Italy borrowing rates hit record after budget vote
Italy's cost of borrowing has risen to a new record, after Prime Minister Silvio Berlusconi only managed to win a budget vote because the opposition abstained.
The yield on Italian 10-year government bonds rose to 6.77%, the highest since the euro was founded in 1999.
Investors fear that the eurozone's third-biggest economy could become the next victim of the debt crisis.
Later, Mr Berlusconi confirmed that he plans to resign after passing reforms.
He won the budget vote, receiving 308 votes out of 630, with 321 abstentions and no votes against.
"The government no longer has a majority in this chamber," Pier Luigi Bersani, the leader of the main opposition party, said after the vote.
To Mr Berlusconi, he added: "Hand in your resignation."
The euro rose against the dollar following the announcement of Mr Berlusconi's plans to resign, up 0.5% to $1.384.
Italy's benchmark 10-year debt has been rising sharply and the yield is now past the point that forced other eurozone countries to seek a bailout.
Short-term borrowing costs have been rising at an even faster rate. Italy has to roll over more than 360bn euros (£309bn) of debt in 2012.
The country's cost of borrowing is much higher than the 1.8% interest rate currently faced by Germany.
Greece, the Irish Republic and Portugal have all been bailed out.
'Can't hope for help'
Mr Berlusconi has promised to push through another round of reforms to appease the financial markets.
Austria's finance minister said on Tuesday that Italy is too big to fail.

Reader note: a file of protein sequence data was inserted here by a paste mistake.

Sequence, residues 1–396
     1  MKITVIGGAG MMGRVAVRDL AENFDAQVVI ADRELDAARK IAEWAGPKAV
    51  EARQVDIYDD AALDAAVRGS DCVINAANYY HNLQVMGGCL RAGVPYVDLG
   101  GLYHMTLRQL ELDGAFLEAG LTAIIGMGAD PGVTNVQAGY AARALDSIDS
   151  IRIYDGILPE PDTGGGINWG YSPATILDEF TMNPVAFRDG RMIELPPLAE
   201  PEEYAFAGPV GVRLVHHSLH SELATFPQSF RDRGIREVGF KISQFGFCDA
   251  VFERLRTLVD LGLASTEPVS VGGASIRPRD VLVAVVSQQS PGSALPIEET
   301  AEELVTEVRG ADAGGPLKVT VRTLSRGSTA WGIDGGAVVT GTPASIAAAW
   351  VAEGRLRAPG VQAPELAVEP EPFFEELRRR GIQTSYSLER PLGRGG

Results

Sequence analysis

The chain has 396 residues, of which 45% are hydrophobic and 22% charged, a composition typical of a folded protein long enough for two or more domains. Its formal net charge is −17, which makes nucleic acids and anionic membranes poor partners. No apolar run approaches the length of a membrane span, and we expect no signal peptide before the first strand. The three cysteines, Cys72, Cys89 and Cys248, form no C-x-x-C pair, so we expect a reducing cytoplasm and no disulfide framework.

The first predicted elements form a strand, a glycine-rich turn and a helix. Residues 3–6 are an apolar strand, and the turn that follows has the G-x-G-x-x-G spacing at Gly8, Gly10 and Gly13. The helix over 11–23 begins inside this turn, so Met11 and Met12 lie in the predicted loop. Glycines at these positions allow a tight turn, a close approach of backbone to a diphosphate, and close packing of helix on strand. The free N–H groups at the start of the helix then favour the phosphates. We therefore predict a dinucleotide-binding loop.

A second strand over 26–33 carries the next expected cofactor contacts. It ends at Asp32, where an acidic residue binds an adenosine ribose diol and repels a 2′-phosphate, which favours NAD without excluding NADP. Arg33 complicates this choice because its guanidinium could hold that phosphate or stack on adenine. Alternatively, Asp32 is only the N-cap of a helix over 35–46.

"Italy knows that given the size of the country, it can't hope to get help from outside," Maria Fekter said. "That's why these huge efforts are made in Italy at the moment."
She spoke as finance ministers from all 27 nations in the European Union were meeting in Brussels to discuss the October agreement to boost its ability to rescue nations in the eurozone.
The benchmark index on the Milan bourse rose almost 2.3%, before falling back to close up by 0.74%.
Germany's Dax index closed up 0.6%, France's Cac40 index rose 1.3%, while UK stocks rose 1.0%.
Banks were among the best performers on the markets. Societe Generale rose 7.3%, BNP Paribas rose 1.8% and Deutsche Bank gained 1.2%.
Societe Generale had earlier reported quarterly profits had fallen 31% because of a 60% write-off on its Greek loans.
Concerns over Italy are overshadowing developments in Athens, where Greece's political leaders spent the day locked in debate over the formation of a unity government.